Variety was a defining characteristic of a career that took Robin Sachs from winning a prize for diction at RADA to fame on cult American television shows Babylon 5 and Buffy the Vampire Slayer.
His mother, the actress Eleanor Summerfield, and his father, Leonard Sachs – the gavel-wielding chairman of the BBC’s long-running celebration of music hall The Good Old Days – would no doubt have approved.
Before moving to Los Angeles, where his lightly worn, chiselled features and suave patrician demeanour won him the role of Adam Carrington in the 1991 TV movie Dynasty – The Reunion, Sachs enjoyed a steady profile on stage and television at home.
His Hamlet came early, in 1972 on a tour of Holland that elicited a letter to The Stage from a disgruntled company complaining about the lack of support from Equity when actors were forced to share accommodation.
Much of what followed proved happier, not least sharing the stage with Judi Dench and Daniel Massey in his West End debut at the then-Albery Theatre in 1975 in a revival of Pinero’s The Gay Lord Quex, directed by John Gielgud.
Sachs’ other notable theatre appearances included Cabaret at the Northcott Theatre (1978), Sartre’s The Assassin at the Leicester Haymarket (1979), Death of a Salesman (Harrogate, 1981), Deathtrap (Thorndike Theatre, Leatherhead, 1983), Oberon in A Midsummer Night’s Dream (Thorndike, 1987) and Kevin Hood’s The Astronomer’s Garden, which began at Croydon’s Warehouse Theatre and transferred to the Royal Court, London (1989).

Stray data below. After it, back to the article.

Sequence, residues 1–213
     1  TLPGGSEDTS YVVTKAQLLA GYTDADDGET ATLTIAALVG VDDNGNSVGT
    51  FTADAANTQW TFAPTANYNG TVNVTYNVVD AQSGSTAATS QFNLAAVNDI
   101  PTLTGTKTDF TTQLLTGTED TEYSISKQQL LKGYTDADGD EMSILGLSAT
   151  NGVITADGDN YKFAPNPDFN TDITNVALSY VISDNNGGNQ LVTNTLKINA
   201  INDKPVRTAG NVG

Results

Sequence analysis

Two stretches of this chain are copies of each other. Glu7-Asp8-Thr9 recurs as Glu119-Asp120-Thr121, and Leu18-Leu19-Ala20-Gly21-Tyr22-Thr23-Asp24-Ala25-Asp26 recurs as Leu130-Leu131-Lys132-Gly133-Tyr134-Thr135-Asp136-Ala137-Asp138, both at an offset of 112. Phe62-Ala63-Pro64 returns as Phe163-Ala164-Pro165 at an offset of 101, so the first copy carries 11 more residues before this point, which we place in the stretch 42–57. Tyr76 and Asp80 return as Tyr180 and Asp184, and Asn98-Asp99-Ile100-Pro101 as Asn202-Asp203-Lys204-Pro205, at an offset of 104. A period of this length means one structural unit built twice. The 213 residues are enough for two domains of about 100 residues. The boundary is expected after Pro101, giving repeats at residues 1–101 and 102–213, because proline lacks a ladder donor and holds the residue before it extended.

His British television roles included Henry VIII and his Six Wives (1972), Upstairs, Downstairs (1973), Quiller (1975), the six-part Rob Roy (1977), Brideshead Revisited (1981), the six-part thriller Chessgame (1983) and Rumpole of the Bailey (1987).
Sachs made his film debut in the 1972 Hammer horror Vampire Circus, and enjoyed later success in Hollywood hits such as the 1997 Steven Spielberg blockbuster The Lost World – Jurassic Park, sci-fi spoof Galaxy Quest (1999) and the 2001 remake of Ocean’s Eleven, starring George Clooney and Brad Pitt.
Despite early guest appearances on American television alongside Angela Lansbury in Murder, She Wrote (1993) and Dick van Dyke in Diagnosis – Murder (1994), Sachs became associated with fantasy and science fiction. He was cast as three separate characters in Babylon 5 (1994-98) and secured a cult following as the sorcerer and evil arch-nemesis Ethan Rayne in Buffy the Vampire Slayer (1997-2000). He also appeared in Star Trek – Voyager (2001) and more recently in the BBC’s Torchwood (2011).
He was also much in demand as a voice artist, lending his talents to television animations Fantastic Four (1994) and SpongeBob SquarePants (2006), as well as video games including Star Wars – Knights of the Old Republic (2003) and Resident Evil – Damnation (2012), which was to be his last role.
Robin Sachs was born in London on February 5, 1951, and died in Los Angeles four days before what would have been his 62nd birthday on February 1. He is survived by his ex-wives Sian Phillips and Casey Defranco.
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